Sunday, September 22, 2013

Bedside Murder


Can YOU


Name This Marvel Villain??



Of all the people who could give Captain America a hard time--you'd think that Dr. Faustus would be a poor man's Mysterio, as dependent on illusion and manipulation as they both are. Yet Faustus prefers psychology to special effects, though he certainly makes good use of props and theatrics (and indeed, entire stage sets) to co-opt his foes.

Cap came under Faustus's "care" when he sought treatment for recurring nightmares he was having regarding the death of his partner, Bucky:



Enhancing his "treatment" through drugs that affected Cap's mind, as well as enlisting hired hands to fool Cap into thinking he was hallucinating, Faustus came close to succeeding in destroying his patient--until Cap grew suspicious of the good doctor's pills, and had them analyzed by S.H.I.E.L.D. He then set up Faustus in a little sting that exposed his scheme and ended with Cap mopping the floor with Faustus's henchmen. Faustus then resorted to brute force, figuring his greater bulk would give him the edge in a fight.

And that hardly ever goes well for the villain, does it?



But don't discount Faustus as one of those throw-away villains who's good for an issue or two but doesn't exactly set the world on fire. Marvel's gotten quite a bit of mileage out of him, particularly against Cap. For one thing, this was the guy who got hold of the 1950s Cap (after he was defeated by the original) and brainwashed him into leading a neo-Nazi group called the National Force--and, later, brainwashing Cap and siccing him on Daredevil. He also dug up Cap's old girlfriend from World War II, Peggy Carter (aunt of Sharon Carter, Cap's contemporary girlfriend--small world, huh), and used her to lure Cap into a trap.

Sharon Carter has proven especially susceptible to Faustus's influence, even once appearing to commit suicide due to his manipulation. And of course there was this little act she was responsible for while under his control:




Faustus, either through his own ambitions or through his alliances with heavy hitters like the Red Skull, has proven to be one of Cap's most resilient and deadly foes. He's one doctor you don't want to keep your appointment with.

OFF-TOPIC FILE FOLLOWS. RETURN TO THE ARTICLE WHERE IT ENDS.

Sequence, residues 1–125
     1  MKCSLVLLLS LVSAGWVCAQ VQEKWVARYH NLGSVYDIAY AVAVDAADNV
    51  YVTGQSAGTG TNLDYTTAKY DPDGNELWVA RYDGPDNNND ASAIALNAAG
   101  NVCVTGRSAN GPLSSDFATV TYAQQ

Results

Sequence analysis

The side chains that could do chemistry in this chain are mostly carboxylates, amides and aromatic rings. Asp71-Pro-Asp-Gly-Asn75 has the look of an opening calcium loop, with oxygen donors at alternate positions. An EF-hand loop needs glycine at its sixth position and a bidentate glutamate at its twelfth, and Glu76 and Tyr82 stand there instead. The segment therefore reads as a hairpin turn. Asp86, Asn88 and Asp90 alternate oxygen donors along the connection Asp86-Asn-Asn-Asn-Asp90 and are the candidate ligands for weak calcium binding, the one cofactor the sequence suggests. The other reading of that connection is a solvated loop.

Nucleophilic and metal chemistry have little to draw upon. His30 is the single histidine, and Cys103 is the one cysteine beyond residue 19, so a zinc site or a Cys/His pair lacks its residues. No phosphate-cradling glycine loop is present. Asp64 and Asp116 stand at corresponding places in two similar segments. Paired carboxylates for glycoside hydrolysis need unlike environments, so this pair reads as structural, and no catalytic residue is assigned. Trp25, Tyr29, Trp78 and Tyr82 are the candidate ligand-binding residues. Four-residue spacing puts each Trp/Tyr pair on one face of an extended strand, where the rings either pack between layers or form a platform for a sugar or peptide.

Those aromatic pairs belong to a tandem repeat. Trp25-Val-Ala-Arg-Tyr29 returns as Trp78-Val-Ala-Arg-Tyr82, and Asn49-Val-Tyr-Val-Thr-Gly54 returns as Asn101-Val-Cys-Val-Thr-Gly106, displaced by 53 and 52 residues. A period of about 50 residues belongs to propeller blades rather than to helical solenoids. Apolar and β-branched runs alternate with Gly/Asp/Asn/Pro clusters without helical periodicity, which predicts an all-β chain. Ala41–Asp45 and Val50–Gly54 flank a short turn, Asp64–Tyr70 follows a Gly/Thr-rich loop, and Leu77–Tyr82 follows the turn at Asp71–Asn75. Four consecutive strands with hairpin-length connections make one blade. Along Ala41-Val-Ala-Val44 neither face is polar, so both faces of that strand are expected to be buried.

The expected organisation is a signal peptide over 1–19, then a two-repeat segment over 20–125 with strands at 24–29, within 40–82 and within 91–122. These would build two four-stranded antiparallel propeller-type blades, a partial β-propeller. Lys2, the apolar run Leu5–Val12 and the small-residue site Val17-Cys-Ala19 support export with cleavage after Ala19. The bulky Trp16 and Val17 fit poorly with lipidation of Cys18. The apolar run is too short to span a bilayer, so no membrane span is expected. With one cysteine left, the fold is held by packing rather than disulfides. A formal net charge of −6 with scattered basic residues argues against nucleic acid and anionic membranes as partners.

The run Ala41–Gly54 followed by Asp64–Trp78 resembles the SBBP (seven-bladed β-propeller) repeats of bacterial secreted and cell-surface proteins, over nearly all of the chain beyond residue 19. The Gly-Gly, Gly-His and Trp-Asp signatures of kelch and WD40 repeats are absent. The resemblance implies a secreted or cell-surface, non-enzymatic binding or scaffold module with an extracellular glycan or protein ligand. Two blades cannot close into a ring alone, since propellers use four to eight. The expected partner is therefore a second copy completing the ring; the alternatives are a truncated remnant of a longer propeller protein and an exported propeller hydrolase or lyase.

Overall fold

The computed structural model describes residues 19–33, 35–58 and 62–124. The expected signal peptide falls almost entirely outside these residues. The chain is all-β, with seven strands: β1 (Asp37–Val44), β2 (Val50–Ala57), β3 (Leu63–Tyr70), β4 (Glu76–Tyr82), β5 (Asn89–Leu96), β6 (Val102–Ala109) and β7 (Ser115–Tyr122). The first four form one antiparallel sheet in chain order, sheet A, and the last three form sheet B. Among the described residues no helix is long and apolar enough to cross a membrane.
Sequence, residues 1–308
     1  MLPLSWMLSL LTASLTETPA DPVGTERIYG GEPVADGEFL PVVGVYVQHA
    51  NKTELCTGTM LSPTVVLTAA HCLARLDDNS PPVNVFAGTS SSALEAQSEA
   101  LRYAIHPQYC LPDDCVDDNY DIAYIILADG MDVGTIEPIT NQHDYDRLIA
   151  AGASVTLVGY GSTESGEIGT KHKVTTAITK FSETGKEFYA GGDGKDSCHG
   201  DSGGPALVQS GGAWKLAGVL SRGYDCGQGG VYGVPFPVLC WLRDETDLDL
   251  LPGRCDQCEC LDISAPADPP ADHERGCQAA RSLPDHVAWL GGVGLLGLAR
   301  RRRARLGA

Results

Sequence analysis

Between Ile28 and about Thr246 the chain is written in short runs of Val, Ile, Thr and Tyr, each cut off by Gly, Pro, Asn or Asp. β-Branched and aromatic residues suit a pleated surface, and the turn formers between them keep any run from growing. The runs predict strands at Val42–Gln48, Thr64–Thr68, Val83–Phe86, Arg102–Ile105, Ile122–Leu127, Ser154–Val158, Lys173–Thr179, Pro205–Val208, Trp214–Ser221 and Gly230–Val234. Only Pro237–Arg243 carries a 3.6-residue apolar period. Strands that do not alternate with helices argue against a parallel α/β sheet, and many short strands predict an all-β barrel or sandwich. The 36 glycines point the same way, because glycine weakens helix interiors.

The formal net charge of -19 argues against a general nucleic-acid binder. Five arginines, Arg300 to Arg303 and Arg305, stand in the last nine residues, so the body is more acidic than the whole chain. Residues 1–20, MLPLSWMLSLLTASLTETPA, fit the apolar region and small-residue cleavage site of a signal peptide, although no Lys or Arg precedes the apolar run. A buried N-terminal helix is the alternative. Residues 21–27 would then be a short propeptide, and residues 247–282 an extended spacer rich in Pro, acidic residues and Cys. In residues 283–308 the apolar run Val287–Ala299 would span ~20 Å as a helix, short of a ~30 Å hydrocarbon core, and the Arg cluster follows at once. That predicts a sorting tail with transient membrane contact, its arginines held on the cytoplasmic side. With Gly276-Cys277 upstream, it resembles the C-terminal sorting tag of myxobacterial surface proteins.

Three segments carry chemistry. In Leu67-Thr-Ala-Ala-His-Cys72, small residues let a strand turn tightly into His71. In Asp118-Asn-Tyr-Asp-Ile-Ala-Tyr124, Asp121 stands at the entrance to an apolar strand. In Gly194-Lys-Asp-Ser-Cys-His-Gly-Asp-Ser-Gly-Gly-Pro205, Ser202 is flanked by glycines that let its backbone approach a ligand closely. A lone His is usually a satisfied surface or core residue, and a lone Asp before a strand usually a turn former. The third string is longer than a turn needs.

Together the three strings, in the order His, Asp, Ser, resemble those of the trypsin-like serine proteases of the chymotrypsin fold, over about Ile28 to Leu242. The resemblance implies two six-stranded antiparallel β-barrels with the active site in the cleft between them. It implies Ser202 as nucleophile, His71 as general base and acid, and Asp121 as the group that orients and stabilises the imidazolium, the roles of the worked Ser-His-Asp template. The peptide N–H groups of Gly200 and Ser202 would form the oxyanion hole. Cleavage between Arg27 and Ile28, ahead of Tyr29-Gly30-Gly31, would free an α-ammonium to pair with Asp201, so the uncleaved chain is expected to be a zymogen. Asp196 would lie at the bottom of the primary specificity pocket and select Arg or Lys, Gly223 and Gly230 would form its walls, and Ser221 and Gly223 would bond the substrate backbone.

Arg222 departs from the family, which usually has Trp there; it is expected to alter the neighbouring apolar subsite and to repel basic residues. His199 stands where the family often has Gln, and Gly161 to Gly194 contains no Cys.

3 comments:

Hube said...

Doc Faustus.

WardHill Terry said...

The panels you posted of the more recent story demonstrate much of what I dislike in current comics. The figures and background are lovely and realistic, but they don't tell the story. In the first panel there are a lot of people and something in the lower right corner. It may be an accurate drawing, but this is where visual shorthand is useful. The woman (Sharon?) is approaching Cap from the left, the panel flows left to right, then the gun is coming from the right. It took a couple of careful looks from me to see that the gun is pressing against Cap's mid-section. This is when bright colors are useful. The only thing with red stripes around here is Cap's mid-section. I wish they had used red. The third panel is a close-up of Cap's face, right? He doesn't look blonde. His hair is yellow and his shirt is blue, but not here. He's looking to th right where the gun is coming from, but juxtaposed with the previous panel, he seem to be looking away from the gun. And the entire crowd has vanished. Sorry, I'm a cranky old guy. Keep up the good work on this blog!

Comicsfan said...

Terry, you make several good points. From what I recall, Brubaker's issues with artist Steve Epting were all very dark-looking, both in coloring and in the use of shadows. I can only assume that this was at Brubaker's direction, who perhaps dealt colorist Frank D'Armata into his vision for the book, as well. That said, I must say that I thoroughly enjoyed this team's work on the book, though crowd scenes such as the one in CA #25 make it too difficult to pick out the characters you're trying to focus on. Cap's uniform, for instance, could blend with any SHIELD agent's, were it not for his costume's pattern--and since his name is the one on the book's cover, we should be able to pick him out with ease, at a glance.

The panel sequence you note of Cap getting shot was difficult for me to get a handle on, as well, though the way it was done was probably to distract our attention sufficiently so that we'd still think that Sharon was still making her way through the crowd. But I think I can clear up a couple of points: First, the item in the lower right looks like a video camera (with its mic at the top)--which was perhaps used by a bad guy to record the event, since I can't imagine any other person wouldn't have come forward with footage like that (especially since it would clearly implicate Sharon). Secondly, the crowd probably cleared because shots were still heard being fired--I know I'd probably bolt with a sniper still firing at the scene.

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